Major burn patients belong to the subpopulation of critically ill patients undergoing intensive care with a high risk of death, either after fire or electricity burning. These patients usually are admitted into the emergency department of tertiary hospitals with third or even fourth degree burns. High incidence of infections in major burn patients caused by nosocomial gram-negative pathogens occurs because of the severity of the trauma, high death risk, with many surgical procedures required, and prolonged hospital length of stay.1-3

Considering the destruction of the skin barrier integrity, the burn healing process, prolonged hospitalization, and the existence of immunosuppression make patients with extensive burns easily become targets of microbial and fungal colonization. Compared with postoperative surgical wounds, the incidence of infections is higher in major burns. This fact indicates that infection is one of the major complications in severe burns and the main cause of morbidity and death in these patients. Mortality associated with injury from extensive burns between 40% and 75% is related to the presence of severe infection in this critically ill patients.4-6

The most serious infections are caused by gram-negative pathogens and justify the high mortality of these patients with severe burns. It is important to note that the severity of infection increases in isolates of Klebsiella pneumonia (Enterobacteriaceae) and Pseudomonas aeruginosa (non-Enterobacariaceae) with a high frequency of development of mutant strains in these ICU patients. Therefore, when these patients in intensive care received the medium- and long-term broad-spectrum beta-lactam agents such as piperacillin and meropenem, eradication of only susceptible strains may occur, a facilitating factor in the development and mutants’ selection, which would justify the death in the ICU due to bacterial emergency.7,8

On the other hand, Carlier, et al. (2015) emphasize that so far, the serum levels of these antimicrobials have not been monitored in septic patients in Intensive Care Units, a fact that is extremely worrying due to the dire consequences for these high-risk patients during the clinical course of septic shock.9 Then, if the reduced serum level of the circulating antimicrobial is not enough to reach the desired target, therapeutic failure will inevitably occur, since the recommended empirical therapy will only promote the eradication of susceptible strains, the selection of mutants contributing to the increase of ICU deaths.10

Until now, there was no study of meropenem effectiveness, a carbapenem agent widely prescribed for the therapy of septic shock caused by gram-negative pathogens in major burns, pediatrics, or adults undergoing intensive care. More recently ABDUL-AZIZ et al. (2015, 2016) proved that the dose regimen administering 1g every 8h by prolonged infusion of 3 hours, demonstrated drug efficacy when evaluated by the PK/PD target (100%f∆T>MIC) being strongly recommended. Then, it is proposed by a controlled up to investigate major burns to study meropenem effectiveness by PK/PD approach based on serum dosage.10,15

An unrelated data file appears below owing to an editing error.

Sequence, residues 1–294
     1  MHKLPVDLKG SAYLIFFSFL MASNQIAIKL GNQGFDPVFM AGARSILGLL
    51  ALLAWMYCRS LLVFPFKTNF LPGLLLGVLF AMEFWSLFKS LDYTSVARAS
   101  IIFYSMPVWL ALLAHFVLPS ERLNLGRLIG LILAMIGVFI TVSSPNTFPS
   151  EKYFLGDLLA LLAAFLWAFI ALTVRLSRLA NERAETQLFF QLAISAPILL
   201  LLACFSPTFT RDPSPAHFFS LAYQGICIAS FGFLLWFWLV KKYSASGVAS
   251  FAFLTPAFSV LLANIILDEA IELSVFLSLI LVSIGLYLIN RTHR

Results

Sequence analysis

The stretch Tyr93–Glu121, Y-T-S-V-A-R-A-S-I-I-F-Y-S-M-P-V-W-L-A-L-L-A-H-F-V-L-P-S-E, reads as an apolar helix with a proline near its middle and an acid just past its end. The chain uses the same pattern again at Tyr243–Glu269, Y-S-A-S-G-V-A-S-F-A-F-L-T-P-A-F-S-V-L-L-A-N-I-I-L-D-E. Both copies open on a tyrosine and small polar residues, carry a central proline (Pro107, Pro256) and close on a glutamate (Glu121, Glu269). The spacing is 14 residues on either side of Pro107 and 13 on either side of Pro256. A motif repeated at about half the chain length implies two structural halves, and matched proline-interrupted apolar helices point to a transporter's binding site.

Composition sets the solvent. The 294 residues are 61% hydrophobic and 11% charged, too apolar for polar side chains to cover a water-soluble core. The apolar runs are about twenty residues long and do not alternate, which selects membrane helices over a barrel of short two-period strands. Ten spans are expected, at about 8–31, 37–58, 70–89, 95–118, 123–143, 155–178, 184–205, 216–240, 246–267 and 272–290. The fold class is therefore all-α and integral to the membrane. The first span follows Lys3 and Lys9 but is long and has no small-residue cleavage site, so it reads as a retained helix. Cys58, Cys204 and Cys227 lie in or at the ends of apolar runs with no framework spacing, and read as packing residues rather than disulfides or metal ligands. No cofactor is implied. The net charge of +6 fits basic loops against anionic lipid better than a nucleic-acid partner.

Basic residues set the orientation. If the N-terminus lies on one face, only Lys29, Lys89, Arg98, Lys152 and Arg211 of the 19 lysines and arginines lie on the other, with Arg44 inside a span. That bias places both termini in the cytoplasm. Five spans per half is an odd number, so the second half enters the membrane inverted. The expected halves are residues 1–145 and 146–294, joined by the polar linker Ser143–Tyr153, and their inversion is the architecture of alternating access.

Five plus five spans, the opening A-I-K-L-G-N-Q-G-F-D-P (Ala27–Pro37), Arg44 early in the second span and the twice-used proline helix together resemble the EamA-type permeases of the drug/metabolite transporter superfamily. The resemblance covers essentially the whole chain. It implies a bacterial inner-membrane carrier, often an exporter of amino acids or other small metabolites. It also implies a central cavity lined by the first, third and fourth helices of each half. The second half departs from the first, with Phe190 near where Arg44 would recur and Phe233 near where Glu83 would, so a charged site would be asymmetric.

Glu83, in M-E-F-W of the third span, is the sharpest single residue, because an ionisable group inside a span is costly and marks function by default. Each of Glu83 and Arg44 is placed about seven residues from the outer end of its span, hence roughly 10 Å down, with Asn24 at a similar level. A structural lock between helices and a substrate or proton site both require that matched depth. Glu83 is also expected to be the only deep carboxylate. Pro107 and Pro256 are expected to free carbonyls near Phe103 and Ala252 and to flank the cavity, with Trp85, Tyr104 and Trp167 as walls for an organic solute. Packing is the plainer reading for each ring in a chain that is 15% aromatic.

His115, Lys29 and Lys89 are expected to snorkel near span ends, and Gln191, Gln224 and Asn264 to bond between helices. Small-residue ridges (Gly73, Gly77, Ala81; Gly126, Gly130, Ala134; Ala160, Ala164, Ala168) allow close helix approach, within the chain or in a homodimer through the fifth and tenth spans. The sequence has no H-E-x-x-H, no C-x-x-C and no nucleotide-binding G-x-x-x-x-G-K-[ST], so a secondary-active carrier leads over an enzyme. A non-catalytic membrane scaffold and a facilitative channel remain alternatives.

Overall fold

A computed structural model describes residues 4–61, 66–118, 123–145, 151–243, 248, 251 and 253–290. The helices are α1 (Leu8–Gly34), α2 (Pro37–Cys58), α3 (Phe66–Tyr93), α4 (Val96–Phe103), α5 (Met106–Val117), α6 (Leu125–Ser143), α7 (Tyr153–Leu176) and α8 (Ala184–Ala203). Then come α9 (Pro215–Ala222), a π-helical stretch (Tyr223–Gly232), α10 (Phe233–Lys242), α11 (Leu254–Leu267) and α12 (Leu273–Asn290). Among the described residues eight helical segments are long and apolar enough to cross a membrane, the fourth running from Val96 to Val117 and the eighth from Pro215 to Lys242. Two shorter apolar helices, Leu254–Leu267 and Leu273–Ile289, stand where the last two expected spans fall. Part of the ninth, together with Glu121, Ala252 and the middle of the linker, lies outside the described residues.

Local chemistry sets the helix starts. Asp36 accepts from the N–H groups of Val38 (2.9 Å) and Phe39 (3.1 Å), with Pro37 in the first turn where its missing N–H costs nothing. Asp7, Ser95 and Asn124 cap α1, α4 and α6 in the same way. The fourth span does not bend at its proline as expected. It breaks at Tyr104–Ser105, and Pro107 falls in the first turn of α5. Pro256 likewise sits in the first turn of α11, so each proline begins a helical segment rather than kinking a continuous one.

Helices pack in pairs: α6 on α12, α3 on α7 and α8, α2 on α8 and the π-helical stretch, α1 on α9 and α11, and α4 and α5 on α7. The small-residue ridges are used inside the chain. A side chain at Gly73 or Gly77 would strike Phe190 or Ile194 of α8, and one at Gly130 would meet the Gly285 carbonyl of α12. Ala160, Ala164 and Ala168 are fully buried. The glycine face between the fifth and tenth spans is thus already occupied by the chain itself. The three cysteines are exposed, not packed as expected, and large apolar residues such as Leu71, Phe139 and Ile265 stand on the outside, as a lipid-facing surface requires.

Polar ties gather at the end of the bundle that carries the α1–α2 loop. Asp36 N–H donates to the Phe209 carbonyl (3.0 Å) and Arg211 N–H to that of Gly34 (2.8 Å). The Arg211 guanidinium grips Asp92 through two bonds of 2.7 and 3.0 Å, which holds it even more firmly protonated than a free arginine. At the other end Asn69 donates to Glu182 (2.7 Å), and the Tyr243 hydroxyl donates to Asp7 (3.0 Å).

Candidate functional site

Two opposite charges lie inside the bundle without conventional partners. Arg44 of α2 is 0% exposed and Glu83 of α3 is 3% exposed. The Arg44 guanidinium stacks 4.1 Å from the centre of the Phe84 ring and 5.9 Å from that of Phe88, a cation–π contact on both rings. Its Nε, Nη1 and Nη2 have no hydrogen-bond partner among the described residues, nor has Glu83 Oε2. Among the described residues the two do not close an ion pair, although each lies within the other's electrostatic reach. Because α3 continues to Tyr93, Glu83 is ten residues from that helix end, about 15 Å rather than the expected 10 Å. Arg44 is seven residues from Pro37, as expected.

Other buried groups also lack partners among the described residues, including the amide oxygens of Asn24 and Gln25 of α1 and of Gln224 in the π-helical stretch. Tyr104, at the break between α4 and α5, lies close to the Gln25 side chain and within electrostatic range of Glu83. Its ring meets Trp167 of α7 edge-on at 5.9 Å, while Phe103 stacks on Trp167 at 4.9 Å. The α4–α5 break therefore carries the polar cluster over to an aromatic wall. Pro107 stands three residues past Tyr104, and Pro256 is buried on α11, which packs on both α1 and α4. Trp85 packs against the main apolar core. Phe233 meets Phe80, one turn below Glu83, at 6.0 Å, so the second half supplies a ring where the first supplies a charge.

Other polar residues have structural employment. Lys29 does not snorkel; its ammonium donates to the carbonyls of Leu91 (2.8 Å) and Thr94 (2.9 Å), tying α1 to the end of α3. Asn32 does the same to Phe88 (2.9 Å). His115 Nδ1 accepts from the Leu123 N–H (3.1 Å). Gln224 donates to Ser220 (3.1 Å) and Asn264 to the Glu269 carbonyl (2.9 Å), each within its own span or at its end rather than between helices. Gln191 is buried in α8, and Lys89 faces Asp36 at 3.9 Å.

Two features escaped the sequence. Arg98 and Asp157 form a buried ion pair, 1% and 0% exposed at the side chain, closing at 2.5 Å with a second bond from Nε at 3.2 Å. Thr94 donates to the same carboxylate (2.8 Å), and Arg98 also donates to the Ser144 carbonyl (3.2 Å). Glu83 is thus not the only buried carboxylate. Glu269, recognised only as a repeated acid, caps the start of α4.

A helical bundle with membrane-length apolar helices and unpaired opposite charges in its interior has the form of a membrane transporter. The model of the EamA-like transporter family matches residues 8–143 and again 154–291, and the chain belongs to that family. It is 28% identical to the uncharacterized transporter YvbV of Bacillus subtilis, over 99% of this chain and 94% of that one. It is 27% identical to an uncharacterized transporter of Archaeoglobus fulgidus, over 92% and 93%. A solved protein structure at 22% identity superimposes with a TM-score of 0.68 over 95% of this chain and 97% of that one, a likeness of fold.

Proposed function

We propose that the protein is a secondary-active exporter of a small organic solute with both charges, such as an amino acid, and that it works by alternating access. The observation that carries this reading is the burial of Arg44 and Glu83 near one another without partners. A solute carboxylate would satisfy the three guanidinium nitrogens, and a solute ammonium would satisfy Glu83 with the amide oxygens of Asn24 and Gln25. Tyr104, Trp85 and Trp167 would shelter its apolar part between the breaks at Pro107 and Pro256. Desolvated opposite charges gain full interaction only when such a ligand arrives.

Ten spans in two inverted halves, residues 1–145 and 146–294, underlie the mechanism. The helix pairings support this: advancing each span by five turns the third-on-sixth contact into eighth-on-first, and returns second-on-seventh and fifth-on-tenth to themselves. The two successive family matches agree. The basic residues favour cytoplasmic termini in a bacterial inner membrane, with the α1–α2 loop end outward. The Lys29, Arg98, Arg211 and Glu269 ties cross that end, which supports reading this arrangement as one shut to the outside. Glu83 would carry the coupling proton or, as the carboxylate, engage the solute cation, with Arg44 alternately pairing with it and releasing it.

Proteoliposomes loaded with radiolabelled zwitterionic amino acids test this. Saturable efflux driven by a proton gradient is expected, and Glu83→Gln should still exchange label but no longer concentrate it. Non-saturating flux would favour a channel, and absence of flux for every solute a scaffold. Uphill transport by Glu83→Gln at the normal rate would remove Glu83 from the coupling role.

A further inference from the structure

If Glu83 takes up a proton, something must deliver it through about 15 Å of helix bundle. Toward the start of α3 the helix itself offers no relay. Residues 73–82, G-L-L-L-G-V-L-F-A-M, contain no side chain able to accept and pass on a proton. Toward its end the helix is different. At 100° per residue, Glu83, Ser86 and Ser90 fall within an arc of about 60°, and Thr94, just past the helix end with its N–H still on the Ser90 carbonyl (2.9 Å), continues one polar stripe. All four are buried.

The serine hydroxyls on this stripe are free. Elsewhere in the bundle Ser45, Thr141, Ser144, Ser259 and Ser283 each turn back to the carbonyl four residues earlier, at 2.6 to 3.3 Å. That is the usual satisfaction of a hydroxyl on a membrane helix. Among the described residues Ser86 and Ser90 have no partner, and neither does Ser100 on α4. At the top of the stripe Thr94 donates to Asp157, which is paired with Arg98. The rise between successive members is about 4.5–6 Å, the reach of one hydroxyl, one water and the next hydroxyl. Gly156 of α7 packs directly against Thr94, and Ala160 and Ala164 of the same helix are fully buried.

To investigate meropenem effectiveness against hospital-acquired Gram-negative susceptible pathogens at dose regimen recommended 1 g q8h by extended 3hrs-infusion, in critically ill major burn patients, subpopulation in a controlled protocol of study by pharmacokinetic-pharmacodynamics (PK/PD) approach.

Casuistry and methods

Ethical considerations: The hospital’s research ethics committee under registration CAAE 07525118.3.0000.0068 - approved the protocol by the Brazilian Regulatory Agency, CONEP (National Committee of Ethics Research). The informed consent form (ICF) from the legal representative of each patient included in the study was obtained, after being informed in detail by the medical coordinator of the research project regarding the subject of the study and the requirements for procedures to be carried out to achieve the aim of the clinical study protocol.

Casuistry: An open-label, the two-arm study for the inclusion of major septic burn patients undergoing intensive care therapy with meropenem, dose regimen of 1g q8h extended 3hrs-infusion against gram-negative susceptible strains. The protocol was carried out in the Intensive Care Burn Unit of a tertiary public hospital, Central Institute of Clinics Hospital, Medical School of the University of Sao Paulo, São Paulo, SP – Brazil.

Based on pharmacokinetics variability in major burns, the number of patients (N) was estimated according to Power & Sample Size Calculation software v.3.043 that recommended to include 9-11 patients/each arm in a total of 18-22 major burn patients for estimated power of 80%. The estimated power of 80% was related to PK-parameters that affects the coverage as follows: area under de curve/AUC, elimination rate constant (kel) and trough serum levels. Then, it was proposed to investigate 20 critically ill septic patients undergoing intensive care, of both genders, with augmented renal clearance in all of them by vasoactive drugs requirements in all of them.